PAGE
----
上手, finally everyone has an excuse, and in the case of the show, it’s a doozy. As for where the giant sinkhole leads, those are the questions ‘La Breawill have to answer if it lives long enough. または, given the recent history of mystery-based NBC dramas (こんにちは, ‘Manifest’), maybe we should all just wait until it makes the commute over to Netflix. (今のところ, the show will air after ‘The Voiceon Tuesdays.)”

          Stop the presses for ‘Citizen Hearst

          William Randolph Hearst with Hearst Castle architect Julia Morgan, as seen in 'Citizen Hearst' (Courtesy of Marc Wanamaker/Bison Archives)

          Can’t wait forSuccession”? Lowry’s says PBS might have a media mogul to hold you over:
          “PBS’ ‘American Experiencedelivers a top-shelf two-part documentary beginning Sept. 27 about William Randolph Hearst, connecting the early mogul’s 20-century practices directly to the media climate of today, using crime and fear to sell newspapers and unleashing a ‘spiral of sensationalismin his war with rival publisher Joseph Pulitzer.
          The doc also goes into Hearst’s personal life, from building his castle at San Simeon to his relationship with Marion Davies, and the way he used his assets to advance his objectives, which included completely ignoring the release of ‘Citizen Kanein his newspapers.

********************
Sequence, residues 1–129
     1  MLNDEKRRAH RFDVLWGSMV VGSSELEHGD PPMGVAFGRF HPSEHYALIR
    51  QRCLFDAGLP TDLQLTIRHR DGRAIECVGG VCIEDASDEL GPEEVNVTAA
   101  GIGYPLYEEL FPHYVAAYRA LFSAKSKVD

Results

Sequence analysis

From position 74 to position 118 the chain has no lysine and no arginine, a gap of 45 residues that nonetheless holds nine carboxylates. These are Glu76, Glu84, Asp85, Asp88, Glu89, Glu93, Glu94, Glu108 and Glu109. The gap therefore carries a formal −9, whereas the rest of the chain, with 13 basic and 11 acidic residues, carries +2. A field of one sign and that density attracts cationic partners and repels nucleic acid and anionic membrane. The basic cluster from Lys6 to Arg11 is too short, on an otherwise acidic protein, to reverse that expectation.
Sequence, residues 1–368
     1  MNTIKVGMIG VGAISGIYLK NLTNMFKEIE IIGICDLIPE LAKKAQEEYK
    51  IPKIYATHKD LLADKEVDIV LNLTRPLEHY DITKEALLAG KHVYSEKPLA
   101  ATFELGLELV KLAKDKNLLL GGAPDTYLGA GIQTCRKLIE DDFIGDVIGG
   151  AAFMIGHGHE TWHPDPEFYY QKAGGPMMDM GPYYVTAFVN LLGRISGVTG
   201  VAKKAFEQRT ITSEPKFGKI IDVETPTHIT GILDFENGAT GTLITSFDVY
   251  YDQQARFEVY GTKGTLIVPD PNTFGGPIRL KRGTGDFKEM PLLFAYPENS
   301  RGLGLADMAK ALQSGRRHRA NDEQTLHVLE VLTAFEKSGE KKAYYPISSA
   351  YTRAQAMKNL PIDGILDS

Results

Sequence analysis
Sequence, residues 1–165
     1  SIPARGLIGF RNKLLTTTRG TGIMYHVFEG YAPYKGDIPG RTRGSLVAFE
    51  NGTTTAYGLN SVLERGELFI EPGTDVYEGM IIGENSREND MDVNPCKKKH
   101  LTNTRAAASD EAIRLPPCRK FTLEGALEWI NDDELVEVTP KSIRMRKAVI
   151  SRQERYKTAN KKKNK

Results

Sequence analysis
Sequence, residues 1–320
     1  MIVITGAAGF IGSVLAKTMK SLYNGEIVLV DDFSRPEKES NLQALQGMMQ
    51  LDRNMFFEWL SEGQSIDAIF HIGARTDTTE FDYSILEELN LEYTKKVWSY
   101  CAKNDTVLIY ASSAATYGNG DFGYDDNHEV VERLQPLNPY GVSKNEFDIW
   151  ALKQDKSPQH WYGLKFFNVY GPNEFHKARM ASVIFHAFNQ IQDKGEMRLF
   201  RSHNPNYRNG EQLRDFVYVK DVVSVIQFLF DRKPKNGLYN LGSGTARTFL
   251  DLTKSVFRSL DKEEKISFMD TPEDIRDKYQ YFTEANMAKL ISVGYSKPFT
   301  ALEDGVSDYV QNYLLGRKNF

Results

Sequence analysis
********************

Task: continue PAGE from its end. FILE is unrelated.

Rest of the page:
それでも, the part that really resonates comes from using this rear-view mirror to see where we areand where we’re heading. As David Nasaw, author of ‘The Chief: The Life of William Randolph Hearst,’ puts it, ‘He invents the world that for better or worse we now inhabit.

          Three cheers for ‘Ted Lasso

          Jason Sudeikis and Brendan Hunt in "テッド・ラッソ" season two, エピソード 10 "No Weddingsquot a Funeral."

          If you’re tired of people praising “テッド・ラッソ” and the show winning all the awards, skip this section of TV OT.
          I’ll be the first to admit that last week’s Coach Beard-centric episode was not my favorite, enough though I acknowledge and accept its intention. The show needed some breathing room after a very heavy end to episode 8, in which Ted disclosed his father died from suicide. So taking a week off to focus on Coach Beard was understandable. (I thought it narratively fell short but was still wonderfully directed.) 今週, しかしながら, was a return to form. (Spoilers for the episode ahead.)
            No Weddings and a Funeral,” written by Jane Becker, was a glorious return to the classicLassomix of laugh-out-loud lines (Roy telling Keeley to avenge his death) and weighty moments that hit at the heart (Ted describing his father’s efforts to help him with a school assignment). Whether you’re in the camp that has loved this season (私) or not, there’s no denying that when “テッド・ラッソ” is good, it’s an unmatched TV MVP, worthy of the praise and awards it gets and then some.
            I know it’s hard to keep rooting for a show when you feel like it’s let you downtrust me, I’ve given up plentybut episodes like this are why you have to stick with it. You can’t give up onTed Lasso.” 結局, Ted Lasso would never give up on you.